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The Behaviour of Bees Visiting Runner Beans (Phaseolus multiflorus)
J. B. Free
Journal of Applied Ecology
Vol. 5, No. 3 (Dec., 1968), pp. 631-638
Published by: British Ecological Society
Stable URL: http://www.jstor.org/stable/2401637
Page Count: 8
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1. Bombus agrorum foragers entered the mouths of runner-bean flowers and collected nectar only or nectar and pollen: some kept constant to one or other occupation. 2. Most B. lucorum and B. terrestris foragers obtained nectar through holes they bit in the bases of the corolla tubes. 3. Most honeybees collected nectar either by entering the flowers, or by robbing nectar through holes bitten by B. lucorum and B. terrestris; very few honeybees collected pollen. The number of honeybees robbing the flowers depended on the number of B. lucorum and B. terrestris present. Nectar-gathering honeybees readily changed from robbing to collecting nectar via the mouths of the flowers and vice versa. 4. The numbers of bumblebees and honeybees gathering pollen were greatest between 08.00 and 10.00 hours and the numbers robbing were greatest during the late afternoon. 5. Bumblebees worked faster and visited more flowers per plant than honeybees and probably their foraging areas on a single trip were no greater than honeybees. However, their foraging areas during several trips were larger.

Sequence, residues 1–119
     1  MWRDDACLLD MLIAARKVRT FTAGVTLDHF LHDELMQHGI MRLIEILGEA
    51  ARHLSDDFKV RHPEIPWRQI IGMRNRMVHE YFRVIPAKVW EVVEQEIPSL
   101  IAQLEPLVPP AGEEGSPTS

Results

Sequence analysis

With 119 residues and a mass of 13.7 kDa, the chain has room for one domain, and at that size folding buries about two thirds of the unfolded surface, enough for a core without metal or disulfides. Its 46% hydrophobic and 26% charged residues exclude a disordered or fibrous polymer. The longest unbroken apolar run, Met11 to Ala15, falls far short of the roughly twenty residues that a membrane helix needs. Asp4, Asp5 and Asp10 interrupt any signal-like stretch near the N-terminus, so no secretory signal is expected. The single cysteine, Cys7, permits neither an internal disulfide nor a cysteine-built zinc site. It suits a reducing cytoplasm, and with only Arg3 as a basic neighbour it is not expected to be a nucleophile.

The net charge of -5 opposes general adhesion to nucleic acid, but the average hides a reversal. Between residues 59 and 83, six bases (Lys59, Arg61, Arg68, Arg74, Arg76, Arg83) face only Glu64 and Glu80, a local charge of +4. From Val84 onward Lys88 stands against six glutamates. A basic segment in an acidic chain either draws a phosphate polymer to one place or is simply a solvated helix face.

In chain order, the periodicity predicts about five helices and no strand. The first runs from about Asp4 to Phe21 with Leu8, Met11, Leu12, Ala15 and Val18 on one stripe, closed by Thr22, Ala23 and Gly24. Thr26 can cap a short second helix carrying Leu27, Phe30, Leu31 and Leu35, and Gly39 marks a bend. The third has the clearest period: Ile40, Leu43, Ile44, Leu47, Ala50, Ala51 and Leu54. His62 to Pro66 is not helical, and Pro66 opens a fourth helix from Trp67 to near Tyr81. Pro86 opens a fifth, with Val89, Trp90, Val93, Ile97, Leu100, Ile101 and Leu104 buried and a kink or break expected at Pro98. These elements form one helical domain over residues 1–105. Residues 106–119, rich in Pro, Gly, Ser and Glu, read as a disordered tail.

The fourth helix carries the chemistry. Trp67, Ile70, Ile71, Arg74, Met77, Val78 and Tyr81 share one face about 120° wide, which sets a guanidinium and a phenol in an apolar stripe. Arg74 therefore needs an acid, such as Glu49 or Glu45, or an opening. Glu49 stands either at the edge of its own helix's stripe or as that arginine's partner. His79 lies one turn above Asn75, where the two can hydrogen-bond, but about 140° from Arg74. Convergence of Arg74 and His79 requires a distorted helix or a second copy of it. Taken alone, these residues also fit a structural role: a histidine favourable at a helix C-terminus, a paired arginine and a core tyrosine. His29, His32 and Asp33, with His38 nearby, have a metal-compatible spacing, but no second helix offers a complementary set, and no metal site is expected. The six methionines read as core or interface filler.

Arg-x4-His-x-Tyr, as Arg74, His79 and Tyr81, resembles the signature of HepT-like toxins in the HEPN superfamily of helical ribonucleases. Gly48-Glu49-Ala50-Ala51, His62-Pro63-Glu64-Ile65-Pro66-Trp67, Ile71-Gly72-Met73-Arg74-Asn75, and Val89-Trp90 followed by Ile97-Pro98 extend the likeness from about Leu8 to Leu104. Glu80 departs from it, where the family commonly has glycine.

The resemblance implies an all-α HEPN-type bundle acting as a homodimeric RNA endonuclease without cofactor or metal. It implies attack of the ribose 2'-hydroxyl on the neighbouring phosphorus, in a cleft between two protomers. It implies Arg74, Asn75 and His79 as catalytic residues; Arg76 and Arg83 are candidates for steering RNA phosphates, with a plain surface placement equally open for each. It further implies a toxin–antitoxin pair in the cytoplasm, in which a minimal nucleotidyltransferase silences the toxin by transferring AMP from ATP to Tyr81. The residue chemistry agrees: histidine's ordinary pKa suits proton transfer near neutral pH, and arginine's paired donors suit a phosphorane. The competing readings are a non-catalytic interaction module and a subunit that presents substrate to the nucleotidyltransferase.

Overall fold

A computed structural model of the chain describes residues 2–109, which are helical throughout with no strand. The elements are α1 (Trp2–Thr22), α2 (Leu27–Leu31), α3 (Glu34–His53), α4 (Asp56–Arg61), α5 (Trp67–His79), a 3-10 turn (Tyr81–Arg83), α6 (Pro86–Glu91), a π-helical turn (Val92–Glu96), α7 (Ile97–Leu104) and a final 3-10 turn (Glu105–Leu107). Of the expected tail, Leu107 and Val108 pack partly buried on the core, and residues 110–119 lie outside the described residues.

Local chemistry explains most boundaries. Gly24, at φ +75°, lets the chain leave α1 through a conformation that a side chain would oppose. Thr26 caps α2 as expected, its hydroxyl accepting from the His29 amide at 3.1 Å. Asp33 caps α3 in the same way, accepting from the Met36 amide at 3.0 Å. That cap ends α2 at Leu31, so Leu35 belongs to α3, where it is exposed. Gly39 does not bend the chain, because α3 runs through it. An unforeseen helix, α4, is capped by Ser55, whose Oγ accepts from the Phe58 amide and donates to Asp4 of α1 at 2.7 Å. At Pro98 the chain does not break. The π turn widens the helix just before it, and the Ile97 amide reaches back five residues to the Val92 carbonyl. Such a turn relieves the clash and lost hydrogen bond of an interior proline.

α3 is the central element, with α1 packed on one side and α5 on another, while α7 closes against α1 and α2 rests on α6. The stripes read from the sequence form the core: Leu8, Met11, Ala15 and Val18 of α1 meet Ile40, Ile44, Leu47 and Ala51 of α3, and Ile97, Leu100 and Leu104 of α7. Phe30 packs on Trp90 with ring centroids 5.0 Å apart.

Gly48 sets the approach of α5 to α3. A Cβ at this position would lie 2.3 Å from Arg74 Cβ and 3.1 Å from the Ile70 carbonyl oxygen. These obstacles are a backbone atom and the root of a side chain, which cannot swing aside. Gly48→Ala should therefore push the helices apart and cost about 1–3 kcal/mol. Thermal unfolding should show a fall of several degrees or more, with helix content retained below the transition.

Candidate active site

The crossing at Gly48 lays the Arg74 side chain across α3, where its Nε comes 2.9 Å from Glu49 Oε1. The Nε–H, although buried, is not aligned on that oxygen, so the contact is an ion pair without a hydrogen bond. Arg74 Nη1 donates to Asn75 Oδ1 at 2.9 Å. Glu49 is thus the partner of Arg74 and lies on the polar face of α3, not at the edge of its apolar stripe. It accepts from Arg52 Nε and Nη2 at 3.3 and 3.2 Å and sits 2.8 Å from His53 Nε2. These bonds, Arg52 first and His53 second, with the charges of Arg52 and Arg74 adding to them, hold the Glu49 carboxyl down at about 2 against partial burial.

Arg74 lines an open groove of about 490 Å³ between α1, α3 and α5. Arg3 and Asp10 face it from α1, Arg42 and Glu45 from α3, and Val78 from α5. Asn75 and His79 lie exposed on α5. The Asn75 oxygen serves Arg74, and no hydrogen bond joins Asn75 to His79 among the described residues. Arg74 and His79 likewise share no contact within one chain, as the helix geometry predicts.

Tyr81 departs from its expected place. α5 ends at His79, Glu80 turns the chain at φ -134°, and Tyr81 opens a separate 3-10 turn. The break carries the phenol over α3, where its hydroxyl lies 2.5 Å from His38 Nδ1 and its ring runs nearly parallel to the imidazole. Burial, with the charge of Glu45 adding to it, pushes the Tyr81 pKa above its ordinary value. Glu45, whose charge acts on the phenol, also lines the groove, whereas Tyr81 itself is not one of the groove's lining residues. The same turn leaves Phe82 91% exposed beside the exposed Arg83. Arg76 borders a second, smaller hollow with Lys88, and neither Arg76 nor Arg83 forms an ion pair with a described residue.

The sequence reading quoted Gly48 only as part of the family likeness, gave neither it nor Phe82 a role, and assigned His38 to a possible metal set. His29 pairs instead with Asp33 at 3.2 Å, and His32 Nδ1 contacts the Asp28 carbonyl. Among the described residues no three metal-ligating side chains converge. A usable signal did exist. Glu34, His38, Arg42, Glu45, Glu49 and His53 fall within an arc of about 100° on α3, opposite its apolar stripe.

Journal of Applied Ecology © 1968 British Ecological Society